With the end of World War II, toy manufacturers could use steel again, and things like bicycles, wagons and BB guns reappeared in all their glory. Since the expected recession did not appear, the economy was stout enough to pour out anything a kid's heart desired.
Toylands appeared in stores all up and down Main Street.
Even places which normally didn't have them -- like Leath's, Black's Hardware, and J.C. Penney -- broke out in toys Thanksgiving weekend.
Of course, I checked out the new bikes even though I didn't need one. I was heir to Dad's big prewar Schwinn, which was as old as I was but a man-sized bike in first-rate shape. I was doing my best to grow up to it. My sister Sue had my old blue tricycle and red Radio Flyer wagon, so she wasn't interested in the new steel items, either. We concentrated on other things. She wanted dolls and a tin toy stove, and I wanted an electric train. Lionel or American Flyer, I didn't care. Two rails or three. Steam or diesel. Freight or passenger. Circle or figure 8, it didn't matter. Just a train and tracks I could call my own. The accessories could come later.
Of course I wanted other things, too -- like a Louisvllle Slugger baseball bat, a Spaulding ball glove, some toy soldiers, and a colored pencil set to color the drawings which I labored at up to four hours a day.
Like Ralphie in the movie ''A Christmas Story,'' I wanted a Daisy Red Ryder lever action BB gun. Also like him, I'd been warned, ''You'll shoot your eye out.'' I thought that was dumb. How could you shoot your eye out with an air rifle? Can you imagine the position you'd have to get into? The bias came down from my Grandma Watts. She and Grandpa could get into an argument at the mere mention of a BB gun. (He had one which he used to wing dogs and cats which tried to use his yard and flower beds for a litter box.) Grandma leaned on my Mom, but Grandpa sided with Dad -- so my chances to get one were always 50-50.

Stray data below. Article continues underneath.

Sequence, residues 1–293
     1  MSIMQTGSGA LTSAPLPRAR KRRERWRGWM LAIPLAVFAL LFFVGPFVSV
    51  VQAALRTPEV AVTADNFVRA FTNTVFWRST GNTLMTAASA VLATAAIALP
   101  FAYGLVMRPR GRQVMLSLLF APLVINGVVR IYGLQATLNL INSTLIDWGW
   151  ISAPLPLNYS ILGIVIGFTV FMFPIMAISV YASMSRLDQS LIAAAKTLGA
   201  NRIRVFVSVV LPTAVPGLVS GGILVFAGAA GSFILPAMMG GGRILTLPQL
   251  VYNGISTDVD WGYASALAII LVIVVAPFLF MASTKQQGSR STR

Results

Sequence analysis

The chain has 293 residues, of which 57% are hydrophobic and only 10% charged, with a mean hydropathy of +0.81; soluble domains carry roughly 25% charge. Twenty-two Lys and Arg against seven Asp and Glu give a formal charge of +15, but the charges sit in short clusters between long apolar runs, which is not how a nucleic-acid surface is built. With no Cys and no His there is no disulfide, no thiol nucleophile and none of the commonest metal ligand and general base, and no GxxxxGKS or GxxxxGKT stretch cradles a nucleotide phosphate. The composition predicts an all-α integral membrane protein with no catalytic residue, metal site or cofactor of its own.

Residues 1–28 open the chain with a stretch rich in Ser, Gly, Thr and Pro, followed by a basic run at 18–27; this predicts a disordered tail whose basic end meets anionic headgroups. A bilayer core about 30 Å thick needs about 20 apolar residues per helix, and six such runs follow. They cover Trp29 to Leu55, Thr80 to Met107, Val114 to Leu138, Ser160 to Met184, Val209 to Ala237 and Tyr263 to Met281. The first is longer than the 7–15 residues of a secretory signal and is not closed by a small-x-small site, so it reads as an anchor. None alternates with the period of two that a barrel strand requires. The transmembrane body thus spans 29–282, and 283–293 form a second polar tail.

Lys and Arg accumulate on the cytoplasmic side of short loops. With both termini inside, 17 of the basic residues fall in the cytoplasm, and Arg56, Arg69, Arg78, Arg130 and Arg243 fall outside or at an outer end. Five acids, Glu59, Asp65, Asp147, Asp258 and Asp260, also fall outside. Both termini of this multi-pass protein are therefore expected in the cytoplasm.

I was no passive wisher. I went out and scouted. In those days, a ten-year-old could walk Main Street until dark without drawing unfavorable attention. I'd walk downtown from Blaine Avenue and start on the south side of Main Street and work my way toward the Square. There were fewer Toylands on that side, and most were worthy of only a quick browse. I took along a small pad and pencil to write down the items I wanted -- including the store and price.
Leath's, Block and Kuhl, Osco Drugs, J.C. Penney, Walgreen's, and a crossover at Cherry Street to start eastward on the north side. O.T. Johnson, Woolworth, then a side trip up Prairie to Wetherbee's Sports to check out one of the real treasure troves. I could satisfy nearly my whole Christmas list at that one store. I often spent over an hour there on one of my scouts. They always had the best trains and BB guns as well as sporting goods.
Back to Main Street to W.T. Grant, Kresge, Sears, Black's, and Monkey Ward's. Finally, my cheeks rosy with cold and my eyes glittering with dreams of Christmas morning, I'd hustle through the winter twilight back up the Main Street Hill to the Burlington Crossing and down the other side to home.
After supper, I'd organize my ''research'' into what I thought was an affordable wish list of possibilities in rank of desire. In this way, I hoped to make my parents' shopping easier and thus increase their enthusiasm for fulfilling my dreams. Alas, all I did was make them more aware of how much I wanted and how expensive it would be.
Even when I winnowed down the list to my greatest heart's desires and did not include any prices, the tactic didn't work. Fifty years ago, the children of parents who went though the Depression were not pampered with lots of toys. All too often, sox, plaid shirts, and corduroy slacks replaced what we really wanted. I got my colored drawing pencils and a ball bat the same Christmas, but the ball glove and BB gun arrived in other years -- and I never did get an electric train.
Still, I remember with joy those Christmas shopping scouts through the crowded, often snowy streets of Downtown Galesburg -- my spirits buoyant with dreams.